In our latest security news digest, we delve into the brouhaha over Chinese spy chips, check out the latest in Facebook’s investigation of its recent hack, and look at Google’s controversial decision to delay disclosing a potential data breach.
Bloomberg’s spy chip report stuns tech industry, then draws skepticism
The hyperactive cyber security news cycle reached another intensity level when Bloomberg reported the presence of Chinese spy chips in servers used by Apple, Amazon and other major U.S. companies. But did the global news agency get the story right?
Citing numerous anonymous sources, Bloomberg stated that China surreptitiously modified server hardware and embedded tiny chips in motherboards to snoop on about 30 large American businesses.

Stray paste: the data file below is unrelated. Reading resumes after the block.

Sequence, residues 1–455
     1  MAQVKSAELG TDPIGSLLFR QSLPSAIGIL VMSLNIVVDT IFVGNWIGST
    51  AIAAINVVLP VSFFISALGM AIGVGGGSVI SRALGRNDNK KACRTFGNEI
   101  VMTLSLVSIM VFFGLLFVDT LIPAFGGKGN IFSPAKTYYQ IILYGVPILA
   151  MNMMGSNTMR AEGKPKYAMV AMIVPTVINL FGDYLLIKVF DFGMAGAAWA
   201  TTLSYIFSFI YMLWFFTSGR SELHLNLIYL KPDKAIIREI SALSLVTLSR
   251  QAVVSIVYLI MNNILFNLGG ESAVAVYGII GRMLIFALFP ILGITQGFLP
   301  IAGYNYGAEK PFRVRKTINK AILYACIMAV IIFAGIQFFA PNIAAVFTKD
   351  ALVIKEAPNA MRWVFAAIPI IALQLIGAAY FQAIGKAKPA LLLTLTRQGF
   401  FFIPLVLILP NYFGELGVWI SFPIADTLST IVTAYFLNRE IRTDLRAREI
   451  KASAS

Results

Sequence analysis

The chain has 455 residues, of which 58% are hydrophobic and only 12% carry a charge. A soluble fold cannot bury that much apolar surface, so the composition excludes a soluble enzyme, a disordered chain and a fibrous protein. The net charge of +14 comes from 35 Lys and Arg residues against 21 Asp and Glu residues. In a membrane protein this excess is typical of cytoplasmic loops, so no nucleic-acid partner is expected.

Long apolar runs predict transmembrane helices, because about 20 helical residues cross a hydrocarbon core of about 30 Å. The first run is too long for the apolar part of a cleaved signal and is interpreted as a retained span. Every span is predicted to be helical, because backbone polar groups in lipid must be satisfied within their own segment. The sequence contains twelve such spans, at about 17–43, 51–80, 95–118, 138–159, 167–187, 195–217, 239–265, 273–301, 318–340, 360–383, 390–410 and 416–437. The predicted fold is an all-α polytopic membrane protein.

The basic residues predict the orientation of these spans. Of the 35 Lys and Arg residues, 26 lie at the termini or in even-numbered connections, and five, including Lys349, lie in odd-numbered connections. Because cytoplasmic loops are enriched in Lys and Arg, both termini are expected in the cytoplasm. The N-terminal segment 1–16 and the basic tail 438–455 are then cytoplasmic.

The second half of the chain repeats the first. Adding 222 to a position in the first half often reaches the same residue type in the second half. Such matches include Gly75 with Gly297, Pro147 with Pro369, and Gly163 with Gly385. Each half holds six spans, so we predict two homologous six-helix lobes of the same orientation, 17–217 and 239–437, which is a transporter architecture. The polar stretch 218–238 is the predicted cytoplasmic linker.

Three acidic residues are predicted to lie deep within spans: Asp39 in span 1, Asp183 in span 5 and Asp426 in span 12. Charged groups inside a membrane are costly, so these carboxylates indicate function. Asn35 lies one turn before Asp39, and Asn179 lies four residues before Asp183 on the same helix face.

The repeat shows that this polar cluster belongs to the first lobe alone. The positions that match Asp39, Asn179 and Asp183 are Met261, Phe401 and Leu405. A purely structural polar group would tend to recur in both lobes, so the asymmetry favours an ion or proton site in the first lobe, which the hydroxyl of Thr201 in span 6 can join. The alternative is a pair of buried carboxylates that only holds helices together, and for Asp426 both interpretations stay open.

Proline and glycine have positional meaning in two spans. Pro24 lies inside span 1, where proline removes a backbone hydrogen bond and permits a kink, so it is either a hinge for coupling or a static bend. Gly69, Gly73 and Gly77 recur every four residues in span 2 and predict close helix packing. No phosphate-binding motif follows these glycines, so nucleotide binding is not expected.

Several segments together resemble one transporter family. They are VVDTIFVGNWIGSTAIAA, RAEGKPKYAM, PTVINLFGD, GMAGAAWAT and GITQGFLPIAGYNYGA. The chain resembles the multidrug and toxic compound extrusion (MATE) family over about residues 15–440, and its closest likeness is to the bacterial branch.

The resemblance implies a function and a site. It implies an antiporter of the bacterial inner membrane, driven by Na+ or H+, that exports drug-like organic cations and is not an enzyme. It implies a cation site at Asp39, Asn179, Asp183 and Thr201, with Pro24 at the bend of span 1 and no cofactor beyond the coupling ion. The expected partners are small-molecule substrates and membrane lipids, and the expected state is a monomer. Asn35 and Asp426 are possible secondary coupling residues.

The Chinese government reportedly did this by tampering with parts built in China by suppliers of Supermicro, a U.S.-based Fortune 1000 designer and maker of servers.
“In Supermicro, China’s spies appear to have found a perfect conduit for what U.S. officials now describe as the most significant supply chain attack known to have been carried out against American companies,” Bloomberg’s article reads.
But Bloomberg, which doubled-down on the original article with a follow-up, has become part of the story, as more and more parties question the accuracy of its bombshell reports.
Apple, Amazon and Supermicro immediately issued strongly-worded denials. But the drumbeat of skeptics has been growing. It now includes the U.K.’s national cyber security agency, the U.S. Homeland Security Department, one expert quoted in the article, and a variety of industry observers.